On Wednesday, stock futures were hovering near record highs as investors awaited a flood of better-than-expected quarterly reports from highly watched technology companies.
Before the opening bell, contracts on the S&P 500, Dow, and Nasdaq all traded slightly higher. The price of West Texas Intermediate crude oil fell, but it stayed near its highest level since 2014. Treasury yields fell throughout the curve, with the benchmark 10-year yield dropping below 1.6 percent.
Even after reporting third-quarter revenues and profitability that beat expectations, Google's parent firm Alphabet (GOOG, GOOGL) slid lower, pushed by continued growth in online advertising spending, particularly among retailers on Google Search. However, revenue growth for YouTube and Google Cloud decreased compared to the previous quarter. Microsoft (MSFT) reported quarterly earnings that outperformed expectations in nearly every major indicator, boosted by a new jump in the company's widely watched cloud computing business division.
Aside from the mega-cap technology giants, a lot of other businesses reported strong earnings. Twitter (TWTR) stock rose in late trading after the company reported third-quarter sales that were roughly in line with expectations, despite Wall Street expecting the company to suffer similar negative effects from Apple's iOS privacy update as peer social media company Snap (SNAP) did in the same quarter.
In addition, chipmaker Advanced Micro Devices (AMD) reported quarterly earnings that beat expectations and raised its full-year outlook. During AMD's earnings call, CEO Lisa Su stated that supply chain bottlenecks were limiting the company's ability to meet the demand for PC and video-game console chips, but that she believed the present supply-side issues will ease next year.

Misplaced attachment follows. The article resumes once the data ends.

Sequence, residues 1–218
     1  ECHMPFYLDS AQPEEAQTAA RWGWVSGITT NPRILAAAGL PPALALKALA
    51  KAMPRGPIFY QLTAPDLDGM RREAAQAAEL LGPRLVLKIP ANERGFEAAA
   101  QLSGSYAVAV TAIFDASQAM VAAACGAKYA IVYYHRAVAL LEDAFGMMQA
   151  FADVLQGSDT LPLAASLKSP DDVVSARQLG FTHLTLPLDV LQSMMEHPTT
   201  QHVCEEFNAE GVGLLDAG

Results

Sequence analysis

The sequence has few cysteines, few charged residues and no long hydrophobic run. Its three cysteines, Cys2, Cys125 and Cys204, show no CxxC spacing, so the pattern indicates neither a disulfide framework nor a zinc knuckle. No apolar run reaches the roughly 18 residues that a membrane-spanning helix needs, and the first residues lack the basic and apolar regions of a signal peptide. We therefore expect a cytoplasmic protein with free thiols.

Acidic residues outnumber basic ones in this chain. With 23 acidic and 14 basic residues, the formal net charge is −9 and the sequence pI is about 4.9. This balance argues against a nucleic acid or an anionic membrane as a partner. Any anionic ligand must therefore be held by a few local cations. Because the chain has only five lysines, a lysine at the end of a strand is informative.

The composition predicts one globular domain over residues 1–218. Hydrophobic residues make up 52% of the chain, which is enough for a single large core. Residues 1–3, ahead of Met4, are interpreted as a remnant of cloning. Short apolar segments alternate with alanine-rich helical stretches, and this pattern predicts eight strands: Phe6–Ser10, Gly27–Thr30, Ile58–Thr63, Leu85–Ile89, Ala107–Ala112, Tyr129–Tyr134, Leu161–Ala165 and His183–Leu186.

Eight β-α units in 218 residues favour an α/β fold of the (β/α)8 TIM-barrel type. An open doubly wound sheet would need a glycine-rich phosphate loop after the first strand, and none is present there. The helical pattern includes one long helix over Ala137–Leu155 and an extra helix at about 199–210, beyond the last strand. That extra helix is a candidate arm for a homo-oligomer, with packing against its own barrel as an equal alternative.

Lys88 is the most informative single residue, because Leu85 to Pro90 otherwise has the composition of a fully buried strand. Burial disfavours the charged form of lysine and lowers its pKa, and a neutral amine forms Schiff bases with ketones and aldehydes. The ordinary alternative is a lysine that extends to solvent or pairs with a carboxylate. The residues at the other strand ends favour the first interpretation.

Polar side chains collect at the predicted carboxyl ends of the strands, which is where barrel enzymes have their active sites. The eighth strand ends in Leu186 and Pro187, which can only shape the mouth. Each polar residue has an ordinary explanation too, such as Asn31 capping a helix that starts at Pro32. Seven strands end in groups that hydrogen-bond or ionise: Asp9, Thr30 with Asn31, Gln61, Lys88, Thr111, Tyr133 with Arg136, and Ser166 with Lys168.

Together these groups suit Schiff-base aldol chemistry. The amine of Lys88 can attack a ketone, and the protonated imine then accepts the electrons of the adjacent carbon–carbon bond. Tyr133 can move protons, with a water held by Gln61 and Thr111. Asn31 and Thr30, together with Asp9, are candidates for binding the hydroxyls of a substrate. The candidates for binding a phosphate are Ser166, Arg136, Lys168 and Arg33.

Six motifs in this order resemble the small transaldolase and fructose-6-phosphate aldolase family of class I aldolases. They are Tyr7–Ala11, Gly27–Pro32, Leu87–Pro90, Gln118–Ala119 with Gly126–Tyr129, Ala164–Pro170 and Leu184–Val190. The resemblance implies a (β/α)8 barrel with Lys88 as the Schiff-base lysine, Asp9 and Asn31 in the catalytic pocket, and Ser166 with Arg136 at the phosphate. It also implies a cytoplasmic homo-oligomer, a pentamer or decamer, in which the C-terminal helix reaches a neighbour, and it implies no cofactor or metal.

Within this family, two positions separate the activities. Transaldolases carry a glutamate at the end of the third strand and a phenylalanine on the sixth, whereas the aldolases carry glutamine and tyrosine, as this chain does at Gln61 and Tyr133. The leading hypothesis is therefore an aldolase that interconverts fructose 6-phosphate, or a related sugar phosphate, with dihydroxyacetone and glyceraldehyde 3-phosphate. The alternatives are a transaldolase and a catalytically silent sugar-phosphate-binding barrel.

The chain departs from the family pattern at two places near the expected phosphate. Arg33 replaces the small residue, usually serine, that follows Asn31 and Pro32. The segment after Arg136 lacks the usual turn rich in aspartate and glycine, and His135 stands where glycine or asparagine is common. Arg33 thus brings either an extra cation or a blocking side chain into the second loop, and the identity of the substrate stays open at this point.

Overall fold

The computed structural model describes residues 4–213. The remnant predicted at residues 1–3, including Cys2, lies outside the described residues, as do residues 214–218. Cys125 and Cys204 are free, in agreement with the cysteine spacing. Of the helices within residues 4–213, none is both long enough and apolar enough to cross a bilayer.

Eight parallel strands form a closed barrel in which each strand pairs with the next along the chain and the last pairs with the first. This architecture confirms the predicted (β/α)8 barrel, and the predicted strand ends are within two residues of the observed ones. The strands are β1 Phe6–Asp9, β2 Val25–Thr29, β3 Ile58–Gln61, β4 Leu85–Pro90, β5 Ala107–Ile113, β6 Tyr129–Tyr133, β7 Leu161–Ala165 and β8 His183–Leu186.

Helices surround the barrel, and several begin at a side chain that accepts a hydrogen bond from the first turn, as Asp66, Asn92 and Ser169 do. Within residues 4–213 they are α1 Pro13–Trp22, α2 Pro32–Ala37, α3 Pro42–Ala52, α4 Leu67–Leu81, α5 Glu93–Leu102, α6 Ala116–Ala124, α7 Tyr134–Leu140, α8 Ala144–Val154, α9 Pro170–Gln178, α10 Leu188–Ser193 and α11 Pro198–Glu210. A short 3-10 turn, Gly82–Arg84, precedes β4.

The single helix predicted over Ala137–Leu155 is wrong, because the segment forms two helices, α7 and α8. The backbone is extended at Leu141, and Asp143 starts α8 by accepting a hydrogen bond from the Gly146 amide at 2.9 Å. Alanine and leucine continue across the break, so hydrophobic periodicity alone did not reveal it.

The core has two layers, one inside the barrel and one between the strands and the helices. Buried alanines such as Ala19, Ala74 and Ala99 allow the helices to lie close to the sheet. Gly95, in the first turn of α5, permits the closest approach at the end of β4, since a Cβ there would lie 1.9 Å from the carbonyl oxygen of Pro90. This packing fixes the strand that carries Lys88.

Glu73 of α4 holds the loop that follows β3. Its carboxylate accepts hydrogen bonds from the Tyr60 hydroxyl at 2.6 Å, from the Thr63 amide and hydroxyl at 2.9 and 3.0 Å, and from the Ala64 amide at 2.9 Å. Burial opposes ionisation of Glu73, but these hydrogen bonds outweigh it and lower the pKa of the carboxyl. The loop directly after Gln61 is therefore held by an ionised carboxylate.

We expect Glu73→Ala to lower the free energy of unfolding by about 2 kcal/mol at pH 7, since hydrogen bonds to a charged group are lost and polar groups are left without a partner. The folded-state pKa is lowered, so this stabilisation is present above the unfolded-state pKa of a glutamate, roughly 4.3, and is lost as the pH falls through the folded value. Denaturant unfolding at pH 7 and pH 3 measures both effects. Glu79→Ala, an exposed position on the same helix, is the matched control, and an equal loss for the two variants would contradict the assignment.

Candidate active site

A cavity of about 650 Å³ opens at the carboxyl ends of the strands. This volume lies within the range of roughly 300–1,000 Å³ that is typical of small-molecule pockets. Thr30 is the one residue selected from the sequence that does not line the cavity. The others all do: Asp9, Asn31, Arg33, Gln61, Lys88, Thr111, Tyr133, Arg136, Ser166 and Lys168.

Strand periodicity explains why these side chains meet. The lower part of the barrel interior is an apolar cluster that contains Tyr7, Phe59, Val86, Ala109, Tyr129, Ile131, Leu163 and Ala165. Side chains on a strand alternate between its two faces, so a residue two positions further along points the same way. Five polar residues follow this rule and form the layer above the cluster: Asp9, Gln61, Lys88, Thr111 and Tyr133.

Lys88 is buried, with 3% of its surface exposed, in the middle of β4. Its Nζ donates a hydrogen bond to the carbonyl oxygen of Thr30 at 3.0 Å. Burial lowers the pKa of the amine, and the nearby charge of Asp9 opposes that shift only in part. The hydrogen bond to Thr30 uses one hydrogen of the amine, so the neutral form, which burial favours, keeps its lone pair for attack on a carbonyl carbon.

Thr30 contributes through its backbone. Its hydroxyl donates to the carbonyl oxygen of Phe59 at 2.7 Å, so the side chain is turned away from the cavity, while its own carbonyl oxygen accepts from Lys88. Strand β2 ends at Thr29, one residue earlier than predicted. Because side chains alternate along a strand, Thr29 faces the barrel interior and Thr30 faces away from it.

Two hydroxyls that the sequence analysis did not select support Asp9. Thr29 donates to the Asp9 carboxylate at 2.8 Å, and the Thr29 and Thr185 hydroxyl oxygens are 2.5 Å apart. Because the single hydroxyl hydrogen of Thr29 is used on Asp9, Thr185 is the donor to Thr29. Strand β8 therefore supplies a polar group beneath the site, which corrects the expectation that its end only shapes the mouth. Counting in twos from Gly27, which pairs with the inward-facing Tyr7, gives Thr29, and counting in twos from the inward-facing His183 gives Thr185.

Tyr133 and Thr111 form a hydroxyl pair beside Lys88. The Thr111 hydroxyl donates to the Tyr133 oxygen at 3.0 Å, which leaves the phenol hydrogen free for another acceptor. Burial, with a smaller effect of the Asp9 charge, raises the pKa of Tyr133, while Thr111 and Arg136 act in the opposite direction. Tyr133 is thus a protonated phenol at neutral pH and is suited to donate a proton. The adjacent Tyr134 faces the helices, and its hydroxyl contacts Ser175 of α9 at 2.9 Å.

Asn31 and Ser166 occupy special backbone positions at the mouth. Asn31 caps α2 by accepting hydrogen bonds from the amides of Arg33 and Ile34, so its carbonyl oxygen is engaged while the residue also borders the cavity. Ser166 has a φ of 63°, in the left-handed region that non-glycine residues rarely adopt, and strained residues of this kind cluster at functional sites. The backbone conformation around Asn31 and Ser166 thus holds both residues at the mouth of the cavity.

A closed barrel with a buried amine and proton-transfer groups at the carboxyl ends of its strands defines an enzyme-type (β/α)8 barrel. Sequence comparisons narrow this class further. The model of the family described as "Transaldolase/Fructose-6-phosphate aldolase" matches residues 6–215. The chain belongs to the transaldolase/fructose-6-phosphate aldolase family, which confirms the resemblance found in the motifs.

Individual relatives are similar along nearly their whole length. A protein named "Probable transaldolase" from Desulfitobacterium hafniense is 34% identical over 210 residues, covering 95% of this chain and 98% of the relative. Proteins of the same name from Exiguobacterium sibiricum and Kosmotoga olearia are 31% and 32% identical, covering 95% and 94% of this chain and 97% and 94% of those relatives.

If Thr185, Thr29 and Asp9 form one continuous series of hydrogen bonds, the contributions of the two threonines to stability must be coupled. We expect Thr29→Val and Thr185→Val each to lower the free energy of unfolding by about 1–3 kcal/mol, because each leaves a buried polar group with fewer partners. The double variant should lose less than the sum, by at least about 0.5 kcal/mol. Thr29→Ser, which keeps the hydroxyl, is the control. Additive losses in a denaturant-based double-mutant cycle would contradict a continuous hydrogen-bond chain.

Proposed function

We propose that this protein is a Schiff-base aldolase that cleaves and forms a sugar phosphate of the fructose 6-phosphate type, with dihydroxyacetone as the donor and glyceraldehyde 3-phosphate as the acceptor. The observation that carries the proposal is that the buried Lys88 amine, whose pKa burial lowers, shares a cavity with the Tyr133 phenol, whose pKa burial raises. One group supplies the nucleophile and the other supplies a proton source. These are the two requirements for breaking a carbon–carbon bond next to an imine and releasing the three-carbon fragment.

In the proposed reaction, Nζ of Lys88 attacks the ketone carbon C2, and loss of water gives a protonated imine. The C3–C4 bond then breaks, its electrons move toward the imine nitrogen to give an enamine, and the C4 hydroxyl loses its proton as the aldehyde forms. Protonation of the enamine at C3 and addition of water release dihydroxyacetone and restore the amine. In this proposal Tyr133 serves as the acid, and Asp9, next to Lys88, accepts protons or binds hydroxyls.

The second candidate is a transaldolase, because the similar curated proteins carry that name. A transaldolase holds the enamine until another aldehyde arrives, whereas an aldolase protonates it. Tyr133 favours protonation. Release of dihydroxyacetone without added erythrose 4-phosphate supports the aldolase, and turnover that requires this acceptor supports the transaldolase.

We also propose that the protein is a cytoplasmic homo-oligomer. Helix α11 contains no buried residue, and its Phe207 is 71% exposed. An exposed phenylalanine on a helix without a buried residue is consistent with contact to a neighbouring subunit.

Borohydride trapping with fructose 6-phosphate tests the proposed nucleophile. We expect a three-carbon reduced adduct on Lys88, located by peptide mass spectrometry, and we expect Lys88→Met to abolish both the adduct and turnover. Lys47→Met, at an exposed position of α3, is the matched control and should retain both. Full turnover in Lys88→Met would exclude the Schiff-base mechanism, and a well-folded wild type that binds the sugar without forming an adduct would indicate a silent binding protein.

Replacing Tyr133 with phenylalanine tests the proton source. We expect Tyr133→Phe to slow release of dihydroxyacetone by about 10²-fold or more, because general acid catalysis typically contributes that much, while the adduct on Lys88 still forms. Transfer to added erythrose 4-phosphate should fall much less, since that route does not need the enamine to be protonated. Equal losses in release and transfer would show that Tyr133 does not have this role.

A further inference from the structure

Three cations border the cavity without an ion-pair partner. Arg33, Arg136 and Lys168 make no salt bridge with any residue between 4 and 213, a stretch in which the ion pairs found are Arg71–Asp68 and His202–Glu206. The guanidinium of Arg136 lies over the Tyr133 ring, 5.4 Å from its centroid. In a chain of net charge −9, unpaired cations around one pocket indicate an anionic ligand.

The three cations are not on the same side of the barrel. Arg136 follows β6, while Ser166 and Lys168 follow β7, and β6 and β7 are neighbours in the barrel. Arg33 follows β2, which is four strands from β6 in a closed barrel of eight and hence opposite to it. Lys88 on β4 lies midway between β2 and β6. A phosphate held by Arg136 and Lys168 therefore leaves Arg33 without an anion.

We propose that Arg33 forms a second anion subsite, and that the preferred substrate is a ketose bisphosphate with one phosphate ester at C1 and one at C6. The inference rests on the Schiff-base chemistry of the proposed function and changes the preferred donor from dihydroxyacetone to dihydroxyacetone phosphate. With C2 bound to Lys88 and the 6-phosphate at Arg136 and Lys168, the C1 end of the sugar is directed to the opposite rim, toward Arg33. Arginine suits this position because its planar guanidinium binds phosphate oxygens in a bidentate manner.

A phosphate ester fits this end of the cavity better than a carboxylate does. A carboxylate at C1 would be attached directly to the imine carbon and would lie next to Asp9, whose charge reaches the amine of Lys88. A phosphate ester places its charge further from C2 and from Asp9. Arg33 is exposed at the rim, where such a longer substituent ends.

Many companies have been able to work through mounting price pressures to continue providing sales and profits that exceed expectations, according to the most recent batch of earnings data. Though many analysts have predicted that inflationary pressures and supply chain disruptions will endure longer than expected, few have predicted that the consequences will be insurmountable for most significant corporations.
"These supply chain concerns have resulted in a short-term earnings crisis. I believe that is something we should keep an eye on in the first half of the year "RBC Capital Markets' senior equity strategist Lori Calvasina told Yahoo Finance on Tuesday. "In the first two quarters of next year, earnings growth is expected to be barely 4% to 6%. As a result, enterprises must continue to manage through in order for the market to continue to rise."
"However, the reality is that the underlying economic background is far from static," she continued. "I honestly don't believe in the stagflation theory at all."
On the demand side, despite rising prices, American consumers have shown little sign of cutting back on their spending. Even as short-term inflation predictions soared to a 13-year high, the percentage of consumers planning to purchase homes, autos, and major appliances jumped this month, according to the Conference Board.
"The consumer has a lot of money right now, so they don't mind if they raise prices on us - and that's the story right now," said Ryan Payne, head of Payne Capital Management, on Yahoo Finance Live on Tuesday. "That is why profits are increasing. Because we have a lot of money, you've got an extremely price-averse customer. Wages are rising. And businesses can effectively raise their pricing when their costs rise. And that's why we're in this Goldilocks economy right now, which is another reason why the stock market will continue to rise."
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